However, Twitter is a different story. Many people there believe that there is no reason to ship any characters from that show together, especially not Sydney and Carmy. And, while all the shipping-based fancams I’ve seen thus far are for Sydney x Carmy (like this one and this one), many people on Twitter also ship Sydney with Marcus. There have been some minor ship wars on the TL over who fans think Sydney should end up with — if anyone.
I’ll show my cards here: while I don’t ship Sydney and Carmy right now, that ship makes the most sense to me. That scene in the finale where Sydney cooks for Marcus? I didn’t read it as romantic at all and was very surprised to learn that many people did read it as such. I viewed it as two (Black) people commiserating about being in a hostile (white-led) work environment. Honestly, I didn’t see any romantic chemistry between Sydney and Carmy until the finale. (Like, c’mon, you don’t just text any ol’ coworker right before opening what you thought would be your own brother’s suicide note.) Also, I’m not shipping Sydney with Carmy because I think they’re cute together or some shit — any romantic/sexual relationship those two might have would definitely be unhealthy, at least at first. If anything, I want them to end up together because it’ll make for a really juicy plot.
There’s another reason I’d rather ship Sydney with Carmy instead of Marcus. First off, people tend to ship two Black characters (from shows that aren’t targeted towards Black viewers) together simply because they’re two Black characters. I’m tired of that shit. Black people in white-dominated industries don’t have to end up together (let niggas have friends, damn!).
The main thing, though, is that fandom — specifically, non-Black and especially white fans — can never see a white man experiencing sexual/romantic attraction towards a Black woman. Like, it’s a big problem. Some people — namely, Black women — have taken note that this phenomenon appears to be happening in the budding fandom for The Bear. While I cannot stand the BWWM Brigade, I really hate how fandom circumscribes the romantic/sexual possibilities for Black women. It’s some bullshit that needs to be left behind.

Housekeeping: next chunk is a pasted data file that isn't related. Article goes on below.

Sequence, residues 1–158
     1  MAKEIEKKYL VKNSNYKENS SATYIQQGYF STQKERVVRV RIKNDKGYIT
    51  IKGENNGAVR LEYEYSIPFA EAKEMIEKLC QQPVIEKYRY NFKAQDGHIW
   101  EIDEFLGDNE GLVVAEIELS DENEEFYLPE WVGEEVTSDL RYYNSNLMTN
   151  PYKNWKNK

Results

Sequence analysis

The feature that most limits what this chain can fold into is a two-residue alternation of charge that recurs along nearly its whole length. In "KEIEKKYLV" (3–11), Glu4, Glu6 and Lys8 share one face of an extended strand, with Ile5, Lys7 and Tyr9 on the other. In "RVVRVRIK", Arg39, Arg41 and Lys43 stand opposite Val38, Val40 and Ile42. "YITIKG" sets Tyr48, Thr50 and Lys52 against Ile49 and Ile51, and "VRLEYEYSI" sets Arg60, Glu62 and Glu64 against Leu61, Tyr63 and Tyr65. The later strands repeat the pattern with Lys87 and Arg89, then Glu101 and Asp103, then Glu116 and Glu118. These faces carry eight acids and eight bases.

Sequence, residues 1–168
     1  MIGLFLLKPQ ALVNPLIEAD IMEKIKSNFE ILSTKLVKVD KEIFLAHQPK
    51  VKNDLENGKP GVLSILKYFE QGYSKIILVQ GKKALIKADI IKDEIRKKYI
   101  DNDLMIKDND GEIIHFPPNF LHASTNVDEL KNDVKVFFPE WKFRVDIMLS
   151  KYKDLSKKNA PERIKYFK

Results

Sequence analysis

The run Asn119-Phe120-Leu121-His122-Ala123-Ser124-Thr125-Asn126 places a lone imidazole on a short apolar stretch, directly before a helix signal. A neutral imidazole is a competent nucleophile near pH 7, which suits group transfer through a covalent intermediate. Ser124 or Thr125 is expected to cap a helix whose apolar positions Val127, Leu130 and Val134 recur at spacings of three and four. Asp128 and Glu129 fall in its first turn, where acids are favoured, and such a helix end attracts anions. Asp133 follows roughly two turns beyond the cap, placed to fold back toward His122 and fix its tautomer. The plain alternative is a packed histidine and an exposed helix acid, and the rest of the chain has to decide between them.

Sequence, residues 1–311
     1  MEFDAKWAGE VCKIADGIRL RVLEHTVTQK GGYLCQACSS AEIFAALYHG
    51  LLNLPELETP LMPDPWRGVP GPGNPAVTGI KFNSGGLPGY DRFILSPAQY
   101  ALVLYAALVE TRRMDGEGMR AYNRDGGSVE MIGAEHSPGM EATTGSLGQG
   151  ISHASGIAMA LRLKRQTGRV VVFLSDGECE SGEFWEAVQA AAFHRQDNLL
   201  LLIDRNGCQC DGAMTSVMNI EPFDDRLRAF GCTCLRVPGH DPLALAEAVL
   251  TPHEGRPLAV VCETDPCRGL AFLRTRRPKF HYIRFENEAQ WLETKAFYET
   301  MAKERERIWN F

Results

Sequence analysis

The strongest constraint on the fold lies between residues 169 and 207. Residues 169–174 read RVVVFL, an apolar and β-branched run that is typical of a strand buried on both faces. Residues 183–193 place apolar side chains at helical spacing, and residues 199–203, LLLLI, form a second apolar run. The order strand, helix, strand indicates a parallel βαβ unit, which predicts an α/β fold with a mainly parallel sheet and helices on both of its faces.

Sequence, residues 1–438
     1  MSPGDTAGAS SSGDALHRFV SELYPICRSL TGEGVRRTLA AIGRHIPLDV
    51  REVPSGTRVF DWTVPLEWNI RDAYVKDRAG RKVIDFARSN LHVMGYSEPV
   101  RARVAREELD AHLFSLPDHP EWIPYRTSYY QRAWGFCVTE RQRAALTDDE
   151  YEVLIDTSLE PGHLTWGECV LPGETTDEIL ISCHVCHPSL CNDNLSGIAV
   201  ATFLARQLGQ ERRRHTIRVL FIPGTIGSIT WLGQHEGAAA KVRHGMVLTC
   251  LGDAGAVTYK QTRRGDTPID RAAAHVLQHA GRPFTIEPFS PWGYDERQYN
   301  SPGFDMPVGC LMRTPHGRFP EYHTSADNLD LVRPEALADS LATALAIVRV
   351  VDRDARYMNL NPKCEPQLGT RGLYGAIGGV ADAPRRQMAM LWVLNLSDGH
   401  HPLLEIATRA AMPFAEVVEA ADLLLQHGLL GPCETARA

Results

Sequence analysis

No matter which ship becomes canon (if any), I’m excited to see where this show and fandom will go. The fanworks coming out are painstakingly and beautifully done, and I can’t wait to see/read/reblog/retweet more of it. (I cannot emphasize this enough: read “gotta get up to get down!” Even if you don’t ship Sydney x Carmy! It’s a work of art! I made a fanmix to go along with it. If you’re like me and don’t listen to music while reading, give it a listen after — I’m very proud of it.)
Watching a new, original, and truly amazing show get such a warm and enthusiastic welcome on social media has been encouraging, especially in a time where we’re seeing endless reboots, MCU productions, and immediately-greenlit sequels (see: Knives Out and the televisual adaptation of Bridgerton). It’s been fun to see a fandom form like this with no major scuffles — except for the Twitter ship wars — or problematic behavior. (Apparently, though, the Reddit bros hate Sydney’s character. Ima have to keep an eye on that.)
As many problems as I’ve experienced in this world, I still have a soft spot for fandom life. Except for about a year-and-a-half break from 2017-2019, I’ve been in or adjacent to at least one fandom ever since I was thirteen. (I turn twenty-four in a couple months.) I spent my most formative, turbulent years on Tumblr and Twitter in formal and informal fan communities, discussing everything from Larry Stylinson theories (chill, it was middle school) to the Tony Awards, at all times of day and night. I can’t wait to see how community continues to form around The Bear and what that community will produce.
My first prediction is that this fandom will have some fire AUs; I can just feel it.